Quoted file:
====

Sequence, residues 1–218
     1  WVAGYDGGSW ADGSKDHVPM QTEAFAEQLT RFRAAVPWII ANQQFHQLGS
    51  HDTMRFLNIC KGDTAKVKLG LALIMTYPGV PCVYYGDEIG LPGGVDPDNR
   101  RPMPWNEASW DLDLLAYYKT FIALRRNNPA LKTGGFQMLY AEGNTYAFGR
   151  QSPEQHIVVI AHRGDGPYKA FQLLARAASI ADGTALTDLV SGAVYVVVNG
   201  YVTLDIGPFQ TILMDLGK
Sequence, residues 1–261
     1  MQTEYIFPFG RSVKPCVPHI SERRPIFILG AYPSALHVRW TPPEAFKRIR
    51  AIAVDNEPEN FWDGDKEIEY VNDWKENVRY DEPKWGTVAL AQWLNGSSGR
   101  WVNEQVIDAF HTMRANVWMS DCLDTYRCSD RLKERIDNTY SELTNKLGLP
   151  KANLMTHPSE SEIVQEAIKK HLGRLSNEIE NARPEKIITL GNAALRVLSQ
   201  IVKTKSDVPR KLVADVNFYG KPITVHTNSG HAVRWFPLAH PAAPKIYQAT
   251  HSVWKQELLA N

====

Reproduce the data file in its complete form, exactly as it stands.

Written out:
Sequence, residues 1–218
     1  WVAGYDGGSW ADGSKDHVPM QTEAFAEQLT RFRAAVPWII ANQQFHQLGS
    51  HDTMRFLNIC KGDTAKVKLG LALIMTYPGV PCVYYGDEIG LPGGVDPDNR
   101  RPMPWNEASW DLDLLAYYKT FIALRRNNPA LKTGGFQMLY AEGNTYAFGR
   151  QSPEQHIVVI AHRGDGPYKA FQLLARAASI ADGTALTDLV SGAVYVVVNG
   201  YVTLDIGPFQ TILMDLGK
Sequence, residues 1–261
     1  MQTEYIFPFG RSVKPCVPHI SERRPIFILG AYPSALHVRW TPPEAFKRIR
    51  AIAVDNEPEN FWDGDKEIEY VNDWKENVRY DEPKWGTVAL AQWLNGSSGR
   101  WVNEQVIDAF HTMRANVWMS DCLDTYRCSD RLKERIDNTY SELTNKLGLP
   151  KANLMTHPSE SEIVQEAIKK HLGRLSNEIE NARPEKIITL GNAALRVLSQ
   201  IVKTKSDVPR KLVADVNFYG KPITVHTNSG HAVRWFPLAH PAAPKIYQAT
   251  HSVWKQELLA N